Rep. Adam Schiff joined Sen. Chuck Schumer in slamming the rules unveiled by Republicans for the Senate impeachment trial, calling them “the process for a rigged trial.”
Iran acknowledged on Tuesday that its armed forces fired two Russian anti-aircraft missiles at a Ukrainian jetliner that crashed after taking off from Tehran's main airport earlier this month, killing all 176 people on board. For days after the Jan. 8 shootdown, Iran denied that it fired missiles at the plane, initially blaming a technical malfunction and engine fire for the crash.
A probable cause document doesn’t provide a possible motive for the brutal killings that Rachel Henry is charged with.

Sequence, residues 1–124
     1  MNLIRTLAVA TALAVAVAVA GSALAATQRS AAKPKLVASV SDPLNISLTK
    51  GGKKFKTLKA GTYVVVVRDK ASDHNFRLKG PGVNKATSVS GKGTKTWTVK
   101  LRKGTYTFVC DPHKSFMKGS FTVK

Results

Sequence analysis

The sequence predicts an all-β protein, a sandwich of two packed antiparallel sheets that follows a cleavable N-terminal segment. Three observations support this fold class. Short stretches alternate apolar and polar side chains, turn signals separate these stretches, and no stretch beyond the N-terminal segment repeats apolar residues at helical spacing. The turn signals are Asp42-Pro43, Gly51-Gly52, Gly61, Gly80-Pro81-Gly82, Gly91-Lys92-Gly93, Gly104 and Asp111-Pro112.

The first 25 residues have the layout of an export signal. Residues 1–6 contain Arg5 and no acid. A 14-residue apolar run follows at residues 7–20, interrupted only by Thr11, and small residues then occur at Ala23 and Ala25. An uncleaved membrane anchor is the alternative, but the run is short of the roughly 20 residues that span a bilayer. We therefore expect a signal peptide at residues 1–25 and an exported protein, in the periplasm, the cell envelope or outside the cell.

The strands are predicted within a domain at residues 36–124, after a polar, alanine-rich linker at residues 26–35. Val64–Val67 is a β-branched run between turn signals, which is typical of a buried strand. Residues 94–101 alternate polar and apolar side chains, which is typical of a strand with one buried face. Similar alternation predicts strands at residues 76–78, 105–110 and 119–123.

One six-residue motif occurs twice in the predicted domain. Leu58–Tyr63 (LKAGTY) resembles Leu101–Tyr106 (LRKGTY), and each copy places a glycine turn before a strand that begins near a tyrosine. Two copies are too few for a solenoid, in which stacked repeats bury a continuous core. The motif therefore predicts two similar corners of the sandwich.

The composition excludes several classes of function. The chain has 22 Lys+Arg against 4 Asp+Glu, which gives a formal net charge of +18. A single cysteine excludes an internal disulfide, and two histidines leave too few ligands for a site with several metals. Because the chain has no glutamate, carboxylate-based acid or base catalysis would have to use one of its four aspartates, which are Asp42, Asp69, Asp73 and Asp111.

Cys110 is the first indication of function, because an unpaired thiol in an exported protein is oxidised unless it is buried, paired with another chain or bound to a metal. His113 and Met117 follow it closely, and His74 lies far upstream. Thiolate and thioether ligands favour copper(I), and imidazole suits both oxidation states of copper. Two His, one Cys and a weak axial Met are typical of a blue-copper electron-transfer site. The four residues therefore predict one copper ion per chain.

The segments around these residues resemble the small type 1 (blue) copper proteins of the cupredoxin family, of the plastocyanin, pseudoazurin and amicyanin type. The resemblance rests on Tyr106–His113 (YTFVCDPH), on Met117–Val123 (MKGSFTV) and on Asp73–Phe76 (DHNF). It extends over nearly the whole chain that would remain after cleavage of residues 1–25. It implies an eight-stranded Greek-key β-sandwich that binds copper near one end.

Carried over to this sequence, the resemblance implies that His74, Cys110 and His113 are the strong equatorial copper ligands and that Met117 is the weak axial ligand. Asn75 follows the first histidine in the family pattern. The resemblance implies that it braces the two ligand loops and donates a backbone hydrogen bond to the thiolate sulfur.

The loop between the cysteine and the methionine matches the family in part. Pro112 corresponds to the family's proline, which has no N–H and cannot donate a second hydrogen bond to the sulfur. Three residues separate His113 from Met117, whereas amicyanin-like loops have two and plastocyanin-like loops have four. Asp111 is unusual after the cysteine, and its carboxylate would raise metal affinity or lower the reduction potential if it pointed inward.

(Bloomberg) -- President Vladimir Putin is to meet in Jerusalem with the mother of an Israeli woman imprisoned in Russia on drug-smuggling charges, the Kremlin said, amid reports Russian authorities are preparing to free her.Putin, who’ll be a guest of honor Thursday at a ceremony marking the 75th anniversary of the Soviet Red Army’s liberation of the Nazi Auschwitz death camp, spoke with Israeli Prime Minister Benjamin Netanyahu by phone last week about 26-year-old Naama Issachar. Netanyahu said after the call that he was optimistic about securing her freedom.Issachar was sentenced to 7 1/2 years in a Russian prison in October for carrying a small amount of hashish on a transit flight via Moscow. Her mother, Yaffa, asked Putin in November to pardon her daughter in a letter handed to him by Theophilos III, the Greek Orthodox Patriarch of Jerusalem. The plight of the U.S.-born Israeli army veteran, who was detained in April, has become a cause celebre in Israel, where she’s widely regarded as a pawn in a political game.Putin will meet Yaffa Issachar together with Netanyahu and the patriarch, Kremlin foreign policy aide Yuri Ushakov told reporters in Moscow on Wednesday. While Ushakov wouldn’t confirm that a release is planned, he said the president’s right to pardon a convicted person is “an important prerogative.”Property DisputeIn another sign of a possible resolution, Ushakov said Russia and Israel are making progress in settling a dispute over the ownership of Russian Orthodox Church property in Jerusalem. Israel’s Haaretz newspaper said resolving the issue could form part of a quid pro quo with Putin for the release of Issachar.Putin will speak at the anniversary ceremony, though there won’t be time for him to meet with other leaders attending the event, including French President Emmanuel Macron and Ukrainian President Volodymyr Zelenskiy, according to Ushakov.Issachar’s case for a time became entangled with that of a Russian national, Alexei Burkov, whom Israel extradited to the U.S. in November on charges including hacking and credit card fraud. Russia had offered to swap the two, according to Natan Sharansky, a former Soviet dissident and Israeli politician.Putin rebuffed repeated pleas to free her by Netanyahu, who’s fighting to maintain his 13-year-rule as he battles fraud and bribery charges, with new elections due in March.\--With assistance from Gwen Ackerman and Ivan Levingston.To contact the reporters on this story: Andrey Biryukov in Moscow at firstname.lastname@example.org;Henry Meyer in Moscow at email@example.comTo contact the editors responsible for this story: Gregory L. White at firstname.lastname@example.org, Tony HalpinFor more articles like this, please visit us at bloomberg.comSubscribe now to stay ahead with the most trusted business news source.©2020 Bloomberg L.P.